If you agree to take a job, with specified hours, pay and responsibilities, do your best, every day. That’s what you agreed to when you got the offer, so be a person of your word and honor it. (Some of the best advice my father gave me.)

And let me give you a hint …. do more than expected. It makes you stand out and people will take notice in a very positive way. 

By the way, conversely, doing the bare minimum makes you stand out in a completely opposite way.

12. You’re not a rockstar

Companies and businesses might say they want to hire “rockstars” but I’ve found those with the rockstar mentality don’t usually work well in teams. Rockstars are about themselves and their own fame and fortune. They are solo acts and that is divisive to teams.

Be the opposite of a rockstar … be a team player.

This African proverb says it all: “If you want to go fast, go alone. If you want to go far, go together.”

On average, cohesive teams will always do more and go farther than rockstars in their selfish silos. Join a team and be the glue or compass or role player (whatever it takes) that makes you all better, together.

BONUS TIP: Get a job before your first “career” job.

If you’re still in college, I’d highly suggest you get a job, an internship NOW. Yes, before you graduate. Start working somewhere so you can learn what it means to make money for your time and talent … and how to work with other human beings … and under the direction of someone else.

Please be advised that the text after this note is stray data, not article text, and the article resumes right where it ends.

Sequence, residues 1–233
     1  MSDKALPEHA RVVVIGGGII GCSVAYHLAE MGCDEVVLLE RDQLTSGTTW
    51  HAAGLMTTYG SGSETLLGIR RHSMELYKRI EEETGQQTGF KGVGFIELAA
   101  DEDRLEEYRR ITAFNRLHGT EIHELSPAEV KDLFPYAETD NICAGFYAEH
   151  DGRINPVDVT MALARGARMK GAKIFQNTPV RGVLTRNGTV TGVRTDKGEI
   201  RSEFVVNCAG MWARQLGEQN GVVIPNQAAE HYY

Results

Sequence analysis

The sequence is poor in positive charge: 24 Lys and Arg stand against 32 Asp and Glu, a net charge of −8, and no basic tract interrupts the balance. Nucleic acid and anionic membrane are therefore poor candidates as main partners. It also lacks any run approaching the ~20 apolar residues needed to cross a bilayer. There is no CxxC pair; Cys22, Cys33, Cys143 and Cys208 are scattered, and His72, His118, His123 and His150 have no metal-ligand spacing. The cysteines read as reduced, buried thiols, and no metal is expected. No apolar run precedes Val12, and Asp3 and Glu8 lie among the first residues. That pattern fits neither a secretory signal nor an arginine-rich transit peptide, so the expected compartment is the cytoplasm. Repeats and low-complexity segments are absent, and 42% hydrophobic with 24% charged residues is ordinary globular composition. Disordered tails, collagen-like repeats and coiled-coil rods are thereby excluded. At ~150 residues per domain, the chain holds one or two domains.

Our awesome developer Chris Jean, one of the hardest working and talented people I know, often says that working in the fast food industry was one of the best things he ever did. It forced him to develop work habits that we now benefit from. For me, that was working alongside my father, uncles and grandfathers in their businesses. 

So You Want to Work Remote …

I have a couple of disclaimers as well as context before diving into my thoughts on working remote.

First, this post is written from a manager’s perspective, not the team member’s, particularly my own as I’ve led and grown iThemes from one person to now over 20+ since 2008. I’m focusing these thoughts and experience sharing on a situation where you (a current team member) are wanting and requesting to go from working in a dedicated office to working from home or “remote.”

Additionally, we’ve been a hybrid team from the beginning — with remote team members and in-office team members. (We currently have a 5,300 square foot office in Oklahoma City, that we call iThemes HQ.)